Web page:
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Within my tribe (Churches of Christ) and within other groups as well, there is a danger in reading  Jude verse 3 with an air of finality:

“Dear friends, although I was very eager to write to you about the salvation we share, I felt compelled to write and urge you to contend for the faith that was once for all entrusted to God’s holy people.”

It is a mistake to read words like ‘faith,’ and ‘salvation,’ as things that are given to us in a box never to be opened.  Receive the box, cherish the box and then pass on the box to the next generation. No reflection is necessary, no discernment is possible.  The box must be left shut. It leads to an imagination where we see ourselves as stewards of the truth and fail to see ourselves as engaging the truth and being transformed by the truth.  The truth is however that no one generation can sort out salvation in such a way as to leave the next generation with nothing to do.  The Gospel truth is not a fortune which has been collected or distilled that will be handed down to a future generation to hold together and keep from falling apart.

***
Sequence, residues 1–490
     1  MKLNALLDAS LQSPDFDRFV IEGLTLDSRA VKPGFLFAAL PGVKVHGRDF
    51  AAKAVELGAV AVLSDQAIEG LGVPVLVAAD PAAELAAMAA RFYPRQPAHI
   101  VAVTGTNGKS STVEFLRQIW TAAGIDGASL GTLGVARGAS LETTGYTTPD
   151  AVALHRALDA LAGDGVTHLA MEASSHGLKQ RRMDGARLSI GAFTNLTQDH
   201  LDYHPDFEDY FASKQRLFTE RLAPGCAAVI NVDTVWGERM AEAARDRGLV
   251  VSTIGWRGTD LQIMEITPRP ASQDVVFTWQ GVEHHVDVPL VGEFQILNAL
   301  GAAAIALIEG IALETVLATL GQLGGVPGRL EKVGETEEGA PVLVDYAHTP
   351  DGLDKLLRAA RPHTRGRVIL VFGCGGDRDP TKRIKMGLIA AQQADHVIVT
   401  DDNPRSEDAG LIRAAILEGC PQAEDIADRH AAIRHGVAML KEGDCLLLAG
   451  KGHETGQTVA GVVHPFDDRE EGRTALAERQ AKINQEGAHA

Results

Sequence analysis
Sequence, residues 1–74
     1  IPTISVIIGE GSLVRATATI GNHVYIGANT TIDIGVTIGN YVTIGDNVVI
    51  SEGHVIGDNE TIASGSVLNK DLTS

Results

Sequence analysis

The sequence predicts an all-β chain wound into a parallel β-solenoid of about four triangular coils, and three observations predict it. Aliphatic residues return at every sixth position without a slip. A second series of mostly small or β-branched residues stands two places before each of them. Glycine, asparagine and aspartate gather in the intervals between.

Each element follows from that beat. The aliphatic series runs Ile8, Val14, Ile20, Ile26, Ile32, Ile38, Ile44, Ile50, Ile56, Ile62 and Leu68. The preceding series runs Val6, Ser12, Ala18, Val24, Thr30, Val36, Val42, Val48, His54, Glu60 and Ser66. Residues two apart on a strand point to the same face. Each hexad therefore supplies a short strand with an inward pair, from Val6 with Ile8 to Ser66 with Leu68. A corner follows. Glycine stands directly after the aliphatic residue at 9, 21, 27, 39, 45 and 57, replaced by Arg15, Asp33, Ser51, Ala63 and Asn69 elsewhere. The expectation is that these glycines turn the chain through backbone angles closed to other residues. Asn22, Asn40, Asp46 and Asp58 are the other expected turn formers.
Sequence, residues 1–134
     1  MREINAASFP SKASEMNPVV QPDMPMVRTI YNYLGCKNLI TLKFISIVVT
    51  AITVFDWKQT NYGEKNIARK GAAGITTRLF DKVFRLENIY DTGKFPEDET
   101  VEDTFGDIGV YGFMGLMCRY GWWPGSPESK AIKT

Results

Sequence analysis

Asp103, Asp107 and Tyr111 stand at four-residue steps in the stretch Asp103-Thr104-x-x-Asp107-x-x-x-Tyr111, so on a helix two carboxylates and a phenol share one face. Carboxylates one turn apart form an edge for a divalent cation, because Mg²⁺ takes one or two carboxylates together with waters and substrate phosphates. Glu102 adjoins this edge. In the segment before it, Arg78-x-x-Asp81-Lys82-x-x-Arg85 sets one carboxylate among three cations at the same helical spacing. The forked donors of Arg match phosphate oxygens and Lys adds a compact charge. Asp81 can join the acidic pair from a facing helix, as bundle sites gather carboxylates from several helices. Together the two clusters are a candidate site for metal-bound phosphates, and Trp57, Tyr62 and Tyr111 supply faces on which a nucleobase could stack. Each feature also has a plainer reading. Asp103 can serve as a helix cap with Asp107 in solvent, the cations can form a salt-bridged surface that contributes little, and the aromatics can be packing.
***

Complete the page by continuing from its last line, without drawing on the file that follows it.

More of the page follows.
God’s word is true and His salvation is through Jesus Christ, eternal and unchanging. The Christian faith however is lived in a culture that is constantly changing. We are constantly contextualizing this faith that was once for all entrusted to God’s holy people.  God is eternal and unchanging but we aren’t.  No matter what you do, you will be a year older next year.  By God’s grace you will be a year wiser.  Will that change how you see things?  I hope so! Will you grow in the knowledge and the grace of our Lord?  Peter seemed to think you should. (2 Pet 3:18)

N.T. Wright wrote in the forward of Scot McKnight’s new book, The King Jesus Gospel, “Part of the genius of genuine Christianity is that each generation has to think it through afresh…”  We are constantly struggling with our comprehension of our glorious God.  Later Wright adds, “The Christian faith is kaleidoscopic, and most of us are colour-blind.  It is multidimensional, and most of us manage to hold at most two dimensions in our heads at any one time.  It is symphonic, and we can [only] whistle one of the tunes.”

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Each generation faithfully hands down the challenge of authentically living the Gospel in their place and time to the next generation.  It is not lost in the hand-off from one faithful generation to the other.  It is lost when one generation, present or past, feels they have fully apprehended it.

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